Sasser arrest 'encouraging', but more should be done, say experts

The security community is still doing too little to bring malicious attackers to justice, several experts have claimed, despite...

The security community is still doing too little to bring malicious attackers to justice, several experts have claimed, despite the speedy arrest of the alleged perpetrator of last week's Sasser outbreak.

Sven Jaschan, an 18-year-old German who had just graduated from vocational school, was arrested on Friday in connection with the Sasser. Jaschan was caught following a tip to Microsoft from a group of individuals in his home state of Lower Saxony. Microsoft passed the information to German authorities, who arrested him near Rotenberg. 

The speed of the arrest is "encouraging", said Ken Dunham, a director at iDefense. "This is a big improvement over the arrests never seen of yesteryear. The more arrests that are made, the more malicious code authors are likely to avoid the release of malicious code into the wild." 

Alan Paller, director of research at the SANS Institute, agreed. "I am very impressed with the international co-operation in law enforcement and with the FBI's effectiveness. I am equally impressed with the Justice Department's success in getting other countries to implement laws that make such attacks crimes." 

The problem, though, is that such arrests are few and far between, said Bruce Schneier, chief technology officer and co-founder of managed security services provider Counterpane Internet Security.

The arrests only "tend to happen with stuff that is high-profile", Schneier claimed, adding that much less effort is put into pursuing perpetrators of less visible and targeted attacks. 

Experts admitted that doing so can be a hard and expensive task. 

"To date, the virus writers who have been caught [have been] mostly amateurs," said Andrew Plato, a consultant at Anitian Enterprise Security. "They were caught using traditional means of law enforcement, such as tips from friends - not high-tech analysis of the worm or attack vectors."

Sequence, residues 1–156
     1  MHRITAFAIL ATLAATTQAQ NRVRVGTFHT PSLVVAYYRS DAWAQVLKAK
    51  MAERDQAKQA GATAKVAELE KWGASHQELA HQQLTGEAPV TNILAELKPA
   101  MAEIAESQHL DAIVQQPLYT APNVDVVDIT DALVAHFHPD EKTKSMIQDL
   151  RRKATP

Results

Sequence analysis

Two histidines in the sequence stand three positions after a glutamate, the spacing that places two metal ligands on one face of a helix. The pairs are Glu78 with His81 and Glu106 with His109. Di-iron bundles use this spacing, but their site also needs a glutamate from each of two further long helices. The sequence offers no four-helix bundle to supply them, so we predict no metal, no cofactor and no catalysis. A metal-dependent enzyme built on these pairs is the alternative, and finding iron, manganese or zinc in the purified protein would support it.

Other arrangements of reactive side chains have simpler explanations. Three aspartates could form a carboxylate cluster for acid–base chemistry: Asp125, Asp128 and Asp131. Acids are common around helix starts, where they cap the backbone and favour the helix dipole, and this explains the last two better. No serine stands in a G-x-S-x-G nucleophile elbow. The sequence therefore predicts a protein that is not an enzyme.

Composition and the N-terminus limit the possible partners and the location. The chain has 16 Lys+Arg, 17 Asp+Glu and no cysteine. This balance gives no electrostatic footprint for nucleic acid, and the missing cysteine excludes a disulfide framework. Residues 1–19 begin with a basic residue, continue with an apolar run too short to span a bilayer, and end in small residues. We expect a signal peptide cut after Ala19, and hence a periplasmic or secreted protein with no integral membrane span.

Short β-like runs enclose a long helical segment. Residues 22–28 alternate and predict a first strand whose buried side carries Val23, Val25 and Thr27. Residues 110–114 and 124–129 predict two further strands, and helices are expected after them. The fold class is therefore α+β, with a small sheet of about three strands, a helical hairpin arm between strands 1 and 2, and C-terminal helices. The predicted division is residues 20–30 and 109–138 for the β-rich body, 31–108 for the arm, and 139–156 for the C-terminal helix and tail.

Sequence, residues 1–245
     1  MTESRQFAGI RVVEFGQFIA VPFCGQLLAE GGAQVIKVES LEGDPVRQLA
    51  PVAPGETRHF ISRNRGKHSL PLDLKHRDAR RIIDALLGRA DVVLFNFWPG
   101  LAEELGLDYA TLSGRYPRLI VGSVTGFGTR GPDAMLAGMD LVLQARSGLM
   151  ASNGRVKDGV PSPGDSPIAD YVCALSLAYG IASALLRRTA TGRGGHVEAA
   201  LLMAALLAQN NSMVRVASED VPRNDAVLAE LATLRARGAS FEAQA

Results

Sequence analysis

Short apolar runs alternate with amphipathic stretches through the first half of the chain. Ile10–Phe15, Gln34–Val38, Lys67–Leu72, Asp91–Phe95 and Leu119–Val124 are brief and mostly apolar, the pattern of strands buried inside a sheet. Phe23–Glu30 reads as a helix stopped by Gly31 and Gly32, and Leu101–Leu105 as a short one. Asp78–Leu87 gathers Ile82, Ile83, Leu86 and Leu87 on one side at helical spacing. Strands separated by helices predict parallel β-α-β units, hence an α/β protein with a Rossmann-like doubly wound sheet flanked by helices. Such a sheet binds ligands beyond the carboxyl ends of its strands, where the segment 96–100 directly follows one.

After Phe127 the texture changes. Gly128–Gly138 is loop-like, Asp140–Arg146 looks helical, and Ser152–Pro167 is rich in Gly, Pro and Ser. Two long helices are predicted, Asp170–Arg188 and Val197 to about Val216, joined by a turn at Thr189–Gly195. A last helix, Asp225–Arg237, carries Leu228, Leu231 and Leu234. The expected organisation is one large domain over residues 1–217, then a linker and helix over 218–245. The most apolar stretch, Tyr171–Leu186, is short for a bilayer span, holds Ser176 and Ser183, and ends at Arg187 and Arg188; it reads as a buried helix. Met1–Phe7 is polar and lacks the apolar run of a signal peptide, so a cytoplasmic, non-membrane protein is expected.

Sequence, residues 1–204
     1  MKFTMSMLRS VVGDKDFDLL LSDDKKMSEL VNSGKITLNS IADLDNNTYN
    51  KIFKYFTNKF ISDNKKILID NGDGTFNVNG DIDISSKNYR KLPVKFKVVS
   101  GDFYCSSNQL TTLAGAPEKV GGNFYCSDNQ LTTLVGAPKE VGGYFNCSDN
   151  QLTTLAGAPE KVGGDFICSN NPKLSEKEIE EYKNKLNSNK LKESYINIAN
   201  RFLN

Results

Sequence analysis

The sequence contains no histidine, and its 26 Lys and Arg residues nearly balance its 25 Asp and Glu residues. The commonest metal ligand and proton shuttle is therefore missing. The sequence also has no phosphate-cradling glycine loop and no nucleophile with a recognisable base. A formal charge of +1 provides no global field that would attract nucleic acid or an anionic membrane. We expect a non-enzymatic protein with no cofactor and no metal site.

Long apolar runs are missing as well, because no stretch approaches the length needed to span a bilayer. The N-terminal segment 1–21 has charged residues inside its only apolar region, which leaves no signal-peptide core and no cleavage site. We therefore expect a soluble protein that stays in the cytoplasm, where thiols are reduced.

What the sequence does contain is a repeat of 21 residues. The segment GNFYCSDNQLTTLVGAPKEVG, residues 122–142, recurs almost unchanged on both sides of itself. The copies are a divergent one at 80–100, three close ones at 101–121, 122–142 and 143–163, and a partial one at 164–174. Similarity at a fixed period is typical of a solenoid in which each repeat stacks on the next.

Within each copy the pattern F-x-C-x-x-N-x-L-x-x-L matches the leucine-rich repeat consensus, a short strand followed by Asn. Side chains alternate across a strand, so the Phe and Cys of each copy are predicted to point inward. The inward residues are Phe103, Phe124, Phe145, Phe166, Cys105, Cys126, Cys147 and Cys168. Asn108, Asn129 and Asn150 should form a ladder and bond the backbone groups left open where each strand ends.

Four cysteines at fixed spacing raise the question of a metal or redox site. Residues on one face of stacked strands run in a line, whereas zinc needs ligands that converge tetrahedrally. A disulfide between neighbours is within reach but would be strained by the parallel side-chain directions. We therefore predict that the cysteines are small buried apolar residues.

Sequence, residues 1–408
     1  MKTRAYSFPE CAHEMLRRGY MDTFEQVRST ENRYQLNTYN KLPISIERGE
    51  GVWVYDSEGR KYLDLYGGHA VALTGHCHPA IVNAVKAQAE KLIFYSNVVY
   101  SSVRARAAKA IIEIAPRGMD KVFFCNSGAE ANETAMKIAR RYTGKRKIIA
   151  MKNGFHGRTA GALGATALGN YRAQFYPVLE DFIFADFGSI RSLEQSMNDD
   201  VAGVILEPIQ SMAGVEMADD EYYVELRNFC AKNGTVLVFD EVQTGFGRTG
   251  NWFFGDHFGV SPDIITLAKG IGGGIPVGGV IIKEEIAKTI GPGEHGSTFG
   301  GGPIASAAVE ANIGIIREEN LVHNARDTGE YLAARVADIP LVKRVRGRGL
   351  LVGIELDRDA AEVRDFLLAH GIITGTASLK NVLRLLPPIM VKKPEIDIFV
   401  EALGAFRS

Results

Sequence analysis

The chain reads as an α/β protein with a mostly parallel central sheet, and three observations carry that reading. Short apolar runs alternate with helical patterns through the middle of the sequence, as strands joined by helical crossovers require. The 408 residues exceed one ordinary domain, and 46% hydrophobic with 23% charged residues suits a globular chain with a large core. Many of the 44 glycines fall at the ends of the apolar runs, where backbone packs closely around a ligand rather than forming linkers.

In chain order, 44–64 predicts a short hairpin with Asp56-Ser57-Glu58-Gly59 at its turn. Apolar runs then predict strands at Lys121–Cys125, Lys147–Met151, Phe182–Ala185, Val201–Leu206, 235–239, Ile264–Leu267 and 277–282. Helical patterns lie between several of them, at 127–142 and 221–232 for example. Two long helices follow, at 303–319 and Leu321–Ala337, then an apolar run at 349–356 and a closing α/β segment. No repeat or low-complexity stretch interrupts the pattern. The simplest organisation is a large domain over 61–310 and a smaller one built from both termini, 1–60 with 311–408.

"Far more should be done to ensure that logs exist to allow tracing back originating traffic to its actual source," said Russ Cooper, editor of the NTBugtraq mailing list and an analyst at TruSecure.

"ISPs continually fight these attempts by law enforcement, presumably because they feel the burden of having to comply will be too heavy." 

Fear of retribution is another reason many victims have been unwilling to go after attackers, even when their identity is known, Schneier said.

"We built a forensic capability so that we could go after the bad guys. But surprisingly, very often companies don't want to do that. They don't want to make waves because they are very afraid of retribution," he said. 

Stronger penalties are also needed against those who launch such attacks, Cooper said. "For far too long, it seems as if society treats the act of infecting or taking over someone's computer as 'cute'. " 

"Someone willing to cause billions of dollars of cost and millions of hours of effort clearly needs to be locked away to prevent us from being abused by them in the future," Cooper said. 

But prosecuting cybercriminals can be difficult, said David Endler, a director at TippingPoint Technologies, who added that the standards of electronic forensic evidence have yet to catch up to the same standards used for more traditional crimes. 

The lack of standard international cyberlaws is also a problem, he said. "If a resident of Germany unleashes a worm from a compromised computer in Russia, do extradition laws apply?"

Jaikumar Vijayan writes for Computerworld

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